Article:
I'll dig out some data for specific lenses, if you wish.

    Best,
    Helen
    Last edited by Helen B; 01-03-2007 at 10:25 PM. Click to view previous post history.

  6. #6

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    Robert:

    There should be a little red line on the depth-of-field scale on your lenses. That little red line (only on the right-hand side as you view the lens from above), is the "Infrared Index" mark. My CF lenses have it, and yours should also. But it's pretty tiny, so you have to look hard for it.

    After you focus normally, note where the distance reading is on the lens barrel. Then shift your focus ring so that that distance indicator (say, for example "20 feet") is no longer aligned with the center mark (on your d.o.f. scale) but is instead aligned with that little red Infrared marker.

    In other words, this works the same way as for 35mm-system manually focused lenses.

    Pat

  7. #7
    Helen B's Avatar
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    Quote Originally Posted by PatTrent View Post

    There should be a little red line on the depth-of-field scale on your lenses.
    ***
    Do all Hasselblad lenses have the IR focussing mark? I didn't notice any marks on the ones that I looked at today, mostly the CFE and CFi lenses, I think. I assumed that John asked the question because there were no marks on his lenses.

    Later: I just had a closer look - now I see the broken lines. I must get new glasses.

    Thanks,
    Helen
    Last edited by Helen B; 01-03-2007 at 11:53 PM. Click to view previous post history.

  8. #8

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    Helen:

    I have only CF lenses, and they have the marks. Your point, though, since your own Hassy lenses don't have the marks. Interesting. Hmmmmm.

    Pat

  9. #9
    Helen B's Avatar
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    Pat,

    See my edit to my previous post. I didn't notice the broken lines at first glance. They are my neighbour's lenses, I use an SL 66.

    I looked at the 120 mm Makro-Planar as a numerical example of the offset. The broken line is at f/8. That corresponds to shift of about 0.64 mm, or 0.5%, if my maths is correct.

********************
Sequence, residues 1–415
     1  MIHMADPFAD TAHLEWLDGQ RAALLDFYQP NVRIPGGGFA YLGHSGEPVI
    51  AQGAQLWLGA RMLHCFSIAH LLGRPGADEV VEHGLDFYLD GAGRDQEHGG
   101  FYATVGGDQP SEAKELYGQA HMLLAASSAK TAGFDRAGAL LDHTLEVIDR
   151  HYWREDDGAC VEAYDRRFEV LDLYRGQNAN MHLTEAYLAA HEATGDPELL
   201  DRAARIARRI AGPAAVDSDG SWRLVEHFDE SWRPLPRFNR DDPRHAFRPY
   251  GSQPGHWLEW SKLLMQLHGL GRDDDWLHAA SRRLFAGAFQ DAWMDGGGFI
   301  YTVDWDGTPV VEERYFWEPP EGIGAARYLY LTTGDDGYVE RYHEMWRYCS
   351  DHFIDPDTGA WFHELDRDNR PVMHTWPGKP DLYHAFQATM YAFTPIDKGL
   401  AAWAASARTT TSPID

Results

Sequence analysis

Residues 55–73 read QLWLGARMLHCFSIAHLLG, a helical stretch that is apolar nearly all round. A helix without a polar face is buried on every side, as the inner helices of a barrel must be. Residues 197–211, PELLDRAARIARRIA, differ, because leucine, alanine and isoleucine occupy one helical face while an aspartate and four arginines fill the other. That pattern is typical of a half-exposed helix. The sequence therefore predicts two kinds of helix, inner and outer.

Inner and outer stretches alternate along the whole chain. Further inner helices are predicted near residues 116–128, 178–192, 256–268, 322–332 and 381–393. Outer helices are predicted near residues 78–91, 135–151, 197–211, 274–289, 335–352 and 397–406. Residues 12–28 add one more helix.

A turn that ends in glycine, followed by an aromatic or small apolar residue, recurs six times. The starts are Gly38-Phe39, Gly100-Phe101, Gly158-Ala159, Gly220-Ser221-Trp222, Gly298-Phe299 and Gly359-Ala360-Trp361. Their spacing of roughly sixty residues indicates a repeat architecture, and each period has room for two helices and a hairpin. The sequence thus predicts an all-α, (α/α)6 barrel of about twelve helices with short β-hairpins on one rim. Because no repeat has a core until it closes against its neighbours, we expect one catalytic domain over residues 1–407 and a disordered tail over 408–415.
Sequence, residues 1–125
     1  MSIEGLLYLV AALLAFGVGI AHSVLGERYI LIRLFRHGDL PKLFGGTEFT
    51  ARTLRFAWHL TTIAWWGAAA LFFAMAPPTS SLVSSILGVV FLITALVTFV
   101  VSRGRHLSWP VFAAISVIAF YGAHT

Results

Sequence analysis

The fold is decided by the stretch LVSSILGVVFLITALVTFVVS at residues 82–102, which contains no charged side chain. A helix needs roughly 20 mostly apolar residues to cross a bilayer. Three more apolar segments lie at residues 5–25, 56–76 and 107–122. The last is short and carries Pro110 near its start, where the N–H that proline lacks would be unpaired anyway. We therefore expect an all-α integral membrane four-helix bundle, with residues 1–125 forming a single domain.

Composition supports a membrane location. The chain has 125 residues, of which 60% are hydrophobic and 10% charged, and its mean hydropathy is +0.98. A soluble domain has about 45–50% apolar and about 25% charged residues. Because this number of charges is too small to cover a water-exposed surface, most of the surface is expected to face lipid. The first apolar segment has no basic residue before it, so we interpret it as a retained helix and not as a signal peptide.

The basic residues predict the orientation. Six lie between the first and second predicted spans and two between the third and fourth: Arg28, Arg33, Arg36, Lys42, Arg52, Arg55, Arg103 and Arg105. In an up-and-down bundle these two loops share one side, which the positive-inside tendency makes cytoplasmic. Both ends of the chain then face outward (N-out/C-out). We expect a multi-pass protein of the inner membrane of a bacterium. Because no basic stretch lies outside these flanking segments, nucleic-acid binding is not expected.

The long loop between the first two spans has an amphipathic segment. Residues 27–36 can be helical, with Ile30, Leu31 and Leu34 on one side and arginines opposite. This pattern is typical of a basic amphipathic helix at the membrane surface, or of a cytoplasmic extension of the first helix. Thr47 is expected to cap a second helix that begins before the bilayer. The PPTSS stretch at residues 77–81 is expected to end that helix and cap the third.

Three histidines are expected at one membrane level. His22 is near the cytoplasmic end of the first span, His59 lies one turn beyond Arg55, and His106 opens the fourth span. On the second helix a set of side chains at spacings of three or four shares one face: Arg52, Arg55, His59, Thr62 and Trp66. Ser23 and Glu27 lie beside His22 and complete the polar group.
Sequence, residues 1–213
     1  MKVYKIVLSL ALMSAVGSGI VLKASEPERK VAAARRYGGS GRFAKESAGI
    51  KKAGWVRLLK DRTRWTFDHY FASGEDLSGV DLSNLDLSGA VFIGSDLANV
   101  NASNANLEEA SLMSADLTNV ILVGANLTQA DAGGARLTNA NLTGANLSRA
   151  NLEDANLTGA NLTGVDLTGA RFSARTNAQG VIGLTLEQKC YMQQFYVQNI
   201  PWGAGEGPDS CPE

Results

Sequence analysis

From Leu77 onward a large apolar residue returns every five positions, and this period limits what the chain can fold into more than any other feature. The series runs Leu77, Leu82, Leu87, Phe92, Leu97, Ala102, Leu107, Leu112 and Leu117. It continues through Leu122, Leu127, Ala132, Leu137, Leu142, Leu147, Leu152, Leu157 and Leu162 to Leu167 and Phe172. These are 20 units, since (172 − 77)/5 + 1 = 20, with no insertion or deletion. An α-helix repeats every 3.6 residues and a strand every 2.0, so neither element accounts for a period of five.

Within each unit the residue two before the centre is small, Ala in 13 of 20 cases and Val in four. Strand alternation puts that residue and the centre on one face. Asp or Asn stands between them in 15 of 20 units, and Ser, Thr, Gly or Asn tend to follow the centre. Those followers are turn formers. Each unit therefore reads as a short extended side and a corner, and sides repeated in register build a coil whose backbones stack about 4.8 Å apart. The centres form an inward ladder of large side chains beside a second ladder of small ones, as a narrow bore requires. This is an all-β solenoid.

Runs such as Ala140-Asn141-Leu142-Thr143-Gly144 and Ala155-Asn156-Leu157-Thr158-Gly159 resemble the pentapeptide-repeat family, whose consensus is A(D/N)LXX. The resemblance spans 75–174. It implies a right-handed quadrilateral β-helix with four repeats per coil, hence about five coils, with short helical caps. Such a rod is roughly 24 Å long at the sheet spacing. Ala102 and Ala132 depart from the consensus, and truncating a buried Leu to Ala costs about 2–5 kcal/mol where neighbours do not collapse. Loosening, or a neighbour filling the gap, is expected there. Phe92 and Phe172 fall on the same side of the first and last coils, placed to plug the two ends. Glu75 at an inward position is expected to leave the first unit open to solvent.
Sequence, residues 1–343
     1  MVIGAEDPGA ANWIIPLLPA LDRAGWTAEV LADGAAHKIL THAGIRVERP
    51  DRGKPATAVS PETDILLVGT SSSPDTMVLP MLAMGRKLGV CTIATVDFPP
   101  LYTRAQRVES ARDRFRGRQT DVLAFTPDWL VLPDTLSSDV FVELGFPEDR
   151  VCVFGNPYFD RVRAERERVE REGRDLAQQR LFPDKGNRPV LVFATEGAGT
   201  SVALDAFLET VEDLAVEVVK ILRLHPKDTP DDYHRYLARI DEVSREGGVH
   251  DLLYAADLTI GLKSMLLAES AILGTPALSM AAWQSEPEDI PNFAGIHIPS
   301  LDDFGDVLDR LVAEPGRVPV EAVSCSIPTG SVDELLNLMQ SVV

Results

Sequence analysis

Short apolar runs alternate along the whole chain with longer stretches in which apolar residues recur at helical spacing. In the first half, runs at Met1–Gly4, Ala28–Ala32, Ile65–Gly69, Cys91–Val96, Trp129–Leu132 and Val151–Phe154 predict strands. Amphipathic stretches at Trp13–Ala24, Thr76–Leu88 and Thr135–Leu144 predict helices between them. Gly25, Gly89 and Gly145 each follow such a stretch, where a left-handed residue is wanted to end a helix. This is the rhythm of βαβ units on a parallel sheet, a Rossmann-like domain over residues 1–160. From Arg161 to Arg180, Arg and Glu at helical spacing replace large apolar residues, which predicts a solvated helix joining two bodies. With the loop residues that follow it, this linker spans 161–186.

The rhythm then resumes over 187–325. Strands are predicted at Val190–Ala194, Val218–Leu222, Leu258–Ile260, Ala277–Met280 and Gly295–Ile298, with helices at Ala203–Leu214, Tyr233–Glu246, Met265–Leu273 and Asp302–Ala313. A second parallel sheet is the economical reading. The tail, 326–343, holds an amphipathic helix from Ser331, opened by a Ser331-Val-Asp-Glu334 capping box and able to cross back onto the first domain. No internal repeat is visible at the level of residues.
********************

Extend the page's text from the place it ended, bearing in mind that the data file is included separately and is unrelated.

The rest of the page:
Best,
    Helen
    Last edited by Helen B; 01-04-2007 at 12:49 AM. Click to view previous post history.

  10. #10
    Ed Sukach's Avatar
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    I've been mulling the "IR Line" on the Hasselblad lenses for some time, now. If you have been the victim ... uh ... had the assignment ... of "ray tracing" (divulging age here) it is obvious that the wavelength of light does indeed affect where the focal plane is located (see: Snell's Law).
    However ... If a filter is applied to remove those wavelengths shorter than those desired for IR photography, only those left will reach the groundglass, and be ued in focusing in SLR cameras. To focus with the filter on, and then re-focus to the IR line - will cause an OUT focus condition ... something I've already noticed in practice. It is my guess the Hasselbled has already noticed the *most* IR photographers using Hasselblads focus with the "milder filters" ... and the IR Line was causing more grief than it was worth.
    It can be demonstrated: Focus without the filter. Add the filter and check the focus again. Of course this is only applicable if there IS a visible image getting through the filter, say with a #25. The more "opaque" the filter, the greater the "shift" would be, so it may well be an important factor with these filters ... especially in LF photography.

    BTW -- It really does NOT have anything to do with lens design. Snell's Law and the effects of wavelength apply to any and all configurations.
    Carpe erratum!!

    Ed Sukach, FFP.